The conclusion, after a long session of trying to interpret my own code-writing, is that while it is fun to run and frolic freely in the meadow of logic, if I leave myself a few signs pointing back to reality then I will enjoy visiting the place again in the future. And it is always more fun when I bring my best friend with me!
When my next door neighbor and generally awesome person Kelly said she wanted a blog site the possibilities seemed endless. My company has been doing a lot of websites this year and I had high hopes of integrating a third party blog script into our custom rapid development framework. Its been a couple of years since I installed a blog and so of course I went out and looked at reviews, hoping to find something new.
Looking at reviews and feature lists, my first choice was called NibbleBlog. I read reviews, I read their site, and even went to GitHub for a quick code review. Having been burned by deploying small open source software packages in the past, I headed over to look at their open issues list. The first request was from a couple of weeks ago but was unanswered, regarding a bug when uploading photos. The lack of reply seemed to hint at abandonment but I read on. The next issue request was from a user who enjoyed the software package, but wanted to see support for seo-friendly urls. Buried in the ‘me too’ responses to that issue request was a quiet note from the package author stating that the software was no longer supported. Had I not thoroughly reviewed the open issues then I never would have known. Obviously I’m not going to deploy deprecated software, so I moved on.
I returned to the lists of options and sadly dismissed each one, all no longer supported or missing critical functionality. Many that are listed as free are actually not, and I have several reservations about purchasing blog scripts. Few offer support, and many are hosted on scary looking websites. Everyone’s first web coding project is a blog, and there’s no such thing as a free preview when buying scripts. There truly is no telling what the author’s skill level was. So, running out of time, I gave up and deployed WordPress.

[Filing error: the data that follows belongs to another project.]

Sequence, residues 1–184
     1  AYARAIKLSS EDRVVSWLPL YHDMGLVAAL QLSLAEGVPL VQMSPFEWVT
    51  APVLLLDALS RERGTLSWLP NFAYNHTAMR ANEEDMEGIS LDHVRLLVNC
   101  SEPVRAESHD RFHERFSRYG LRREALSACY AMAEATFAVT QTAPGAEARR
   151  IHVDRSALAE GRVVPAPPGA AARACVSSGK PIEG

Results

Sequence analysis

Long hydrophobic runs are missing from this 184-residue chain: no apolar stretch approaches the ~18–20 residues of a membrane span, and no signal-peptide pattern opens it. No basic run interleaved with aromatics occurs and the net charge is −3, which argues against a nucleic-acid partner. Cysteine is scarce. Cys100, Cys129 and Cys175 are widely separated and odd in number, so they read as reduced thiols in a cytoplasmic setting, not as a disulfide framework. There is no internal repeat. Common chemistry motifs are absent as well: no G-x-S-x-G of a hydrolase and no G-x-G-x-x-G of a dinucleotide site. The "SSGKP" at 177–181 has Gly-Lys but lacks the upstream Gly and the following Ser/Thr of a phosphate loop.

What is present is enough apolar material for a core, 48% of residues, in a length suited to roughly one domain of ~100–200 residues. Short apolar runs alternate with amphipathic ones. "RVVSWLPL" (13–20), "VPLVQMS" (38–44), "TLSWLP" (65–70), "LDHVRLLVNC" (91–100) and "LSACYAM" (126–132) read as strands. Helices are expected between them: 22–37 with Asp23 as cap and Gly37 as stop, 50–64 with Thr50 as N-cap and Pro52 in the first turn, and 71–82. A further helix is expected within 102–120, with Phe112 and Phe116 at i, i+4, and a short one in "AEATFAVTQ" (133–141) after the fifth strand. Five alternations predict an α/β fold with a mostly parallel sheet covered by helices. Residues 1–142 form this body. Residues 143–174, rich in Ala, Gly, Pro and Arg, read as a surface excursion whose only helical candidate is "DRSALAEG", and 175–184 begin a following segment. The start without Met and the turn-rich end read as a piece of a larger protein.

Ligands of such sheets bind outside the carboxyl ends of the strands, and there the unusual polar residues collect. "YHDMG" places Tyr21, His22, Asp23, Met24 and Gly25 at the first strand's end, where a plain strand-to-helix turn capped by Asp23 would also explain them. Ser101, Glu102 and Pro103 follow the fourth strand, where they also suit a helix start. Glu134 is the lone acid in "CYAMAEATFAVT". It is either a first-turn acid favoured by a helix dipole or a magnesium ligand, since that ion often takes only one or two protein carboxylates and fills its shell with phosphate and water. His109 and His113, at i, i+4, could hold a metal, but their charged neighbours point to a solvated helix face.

Don’t get me wrong, WordPress is fine, but it doesn’t advance my original goals of creating a custom blog module. And I’m still salty after Polish spammers took over my last WP install and were hocking kayaks on my home page (not kidding). I get a lot of work requests to make custom WP apps, but I really wanted to offer a simple alternative to my clients.
So I am sad to report that, like Wal-Mart, WordPress seems to have effectively eradicated the little guy in the CMS and blog world. If you know of a php blog package that can integrate into an existing website, be sure to leave a comment. In the meanwhile, welcome to my WP blog!
Drew, from AJ’s Home Services, LLC just landed a freaking sweet domain name for his upcoming site. I won’t spoil it until the site is ready, but way to go man!
Today was the first time we ate out in the 2 weeks since we started our diets. We went to On the Border Mexican restaurant for my sister-in-law’s birthday. I knew everyone would be drinking and I did feel a little emotional when ordering water while staring at a pitcher of margaritas. But they did have lots of healthy options on the menu and were more than happy to substitute extra vegetables in place of rice. Jim and I both wound up having grilled chicken with vegetables – almost exactly what we would have been having at home. The spicy salsa fresca was a nice treat and gave the meal a Mexican flair. It was difficult not to let the conversation of food and diets dominate our end of the table, but everyone had a good time and we survived with full bellies albeit sober. In all, I’m proud of us!